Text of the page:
Volcanoes -- Introduction Volcanoes -- Introduction Today, there are many active volcanoes worldwide. Is there anything we can do to predict how and when they will erupt? As the world's population grows, more and more people are living in potentially dangerous volcanic areas. Volcanic eruptions continue--as they have throughout most of geologic time--posing ever-greater threats to life and property. Mt.
Ballantynes Fire
The MV Mikhail Lermontov Web Site Left: aft boat deck and crane (the aft hatch cover can be seen to the left of the picture and fits flush with the deck). This is a reasonably old pic as the lifeboat in the background has yet to be replaced by one of the two large enclosed launches carried at the time she sank. Left: the Leningrad Restaurant. The MV Mikhail Lermontov Web Site
I feel the Earth Move - Earthquakes Thematic Unit
Titanic: Unit Plan [English Online]
What are the worst disasters?
Volcanoes - Volcanoes around the World
Titanic Site- Pupil Created
Titanic Images from Maryland Newspapers - Maryland State Archives
The Titanic Thematic Unit
For many years, fire supression was used to controal and eliminate wildland fires. This was thought to be the right thing to do. Over time however, the duff, or underbrush piled up and fuel (the materials that fire feeds on) was allowed to accumulate to the point that were a fire to occur, disaster would almost certainly result. More recently, research (and physical evidence) has shown that allowing naturally occurring fires to burn is one way that nature takes care of housecleaning. Forest resource management now uses a technique called prescribed burns where they perform controlled burning to help that process along. These methods have their supporters and their opponents. Wildfires Field Trip Intro Wildfires Field Trip Intro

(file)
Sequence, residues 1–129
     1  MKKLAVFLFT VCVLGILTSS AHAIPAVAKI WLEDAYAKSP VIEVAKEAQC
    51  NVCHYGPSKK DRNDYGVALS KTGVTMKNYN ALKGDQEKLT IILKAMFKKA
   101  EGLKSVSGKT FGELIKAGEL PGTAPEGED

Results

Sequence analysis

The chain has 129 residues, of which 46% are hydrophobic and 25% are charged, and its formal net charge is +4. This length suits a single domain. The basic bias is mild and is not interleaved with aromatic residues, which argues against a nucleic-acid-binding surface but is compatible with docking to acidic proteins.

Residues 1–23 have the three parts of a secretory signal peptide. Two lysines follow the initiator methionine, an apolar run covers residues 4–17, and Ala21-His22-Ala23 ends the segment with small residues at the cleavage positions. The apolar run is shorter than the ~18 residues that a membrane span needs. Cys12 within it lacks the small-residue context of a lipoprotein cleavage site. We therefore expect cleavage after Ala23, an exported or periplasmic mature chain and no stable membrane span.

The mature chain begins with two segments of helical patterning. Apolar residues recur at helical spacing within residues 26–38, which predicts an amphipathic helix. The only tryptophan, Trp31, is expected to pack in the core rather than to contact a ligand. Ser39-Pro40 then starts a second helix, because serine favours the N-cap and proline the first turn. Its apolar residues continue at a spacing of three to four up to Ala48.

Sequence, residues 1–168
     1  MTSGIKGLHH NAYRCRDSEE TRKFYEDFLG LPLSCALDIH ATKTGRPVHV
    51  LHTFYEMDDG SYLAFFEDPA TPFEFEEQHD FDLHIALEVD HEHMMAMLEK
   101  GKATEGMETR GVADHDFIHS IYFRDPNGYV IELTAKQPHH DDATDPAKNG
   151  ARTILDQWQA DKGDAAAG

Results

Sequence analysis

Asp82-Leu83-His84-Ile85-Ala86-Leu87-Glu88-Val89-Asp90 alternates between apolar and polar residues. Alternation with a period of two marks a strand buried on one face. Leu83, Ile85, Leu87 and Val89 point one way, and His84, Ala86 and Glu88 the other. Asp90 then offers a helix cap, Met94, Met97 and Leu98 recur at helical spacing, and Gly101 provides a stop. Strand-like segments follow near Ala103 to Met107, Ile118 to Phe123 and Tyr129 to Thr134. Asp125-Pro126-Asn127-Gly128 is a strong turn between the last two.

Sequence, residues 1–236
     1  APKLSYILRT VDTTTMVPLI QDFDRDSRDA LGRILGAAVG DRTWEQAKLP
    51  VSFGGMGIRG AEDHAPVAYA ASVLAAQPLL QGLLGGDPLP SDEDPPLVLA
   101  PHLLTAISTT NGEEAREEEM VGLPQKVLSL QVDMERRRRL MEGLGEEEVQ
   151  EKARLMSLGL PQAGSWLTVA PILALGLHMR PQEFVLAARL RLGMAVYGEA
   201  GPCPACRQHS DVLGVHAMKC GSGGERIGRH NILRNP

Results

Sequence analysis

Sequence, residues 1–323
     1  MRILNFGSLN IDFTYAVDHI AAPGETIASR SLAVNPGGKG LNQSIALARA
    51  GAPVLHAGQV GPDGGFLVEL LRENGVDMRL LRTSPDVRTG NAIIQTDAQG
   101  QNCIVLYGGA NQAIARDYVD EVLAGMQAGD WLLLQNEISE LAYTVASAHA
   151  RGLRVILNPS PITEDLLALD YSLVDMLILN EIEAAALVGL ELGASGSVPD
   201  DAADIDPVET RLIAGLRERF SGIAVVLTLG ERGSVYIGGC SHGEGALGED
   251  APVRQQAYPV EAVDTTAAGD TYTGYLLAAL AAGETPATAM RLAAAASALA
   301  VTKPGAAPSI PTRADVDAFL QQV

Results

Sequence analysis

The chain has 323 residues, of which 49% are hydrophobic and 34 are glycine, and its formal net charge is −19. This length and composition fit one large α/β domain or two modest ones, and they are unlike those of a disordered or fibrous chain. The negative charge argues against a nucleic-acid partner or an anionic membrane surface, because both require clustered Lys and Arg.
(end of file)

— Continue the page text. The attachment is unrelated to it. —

Avalanches Theme Page CLN Theme Pages Below are the CLN "Theme Pages" that supplement the study of avalanches. CLN's theme pages are collections of useful Internet educational resources within a narrow curricular topic and contain links to two types of information. Avalanches Theme Page Avalanches Theme Page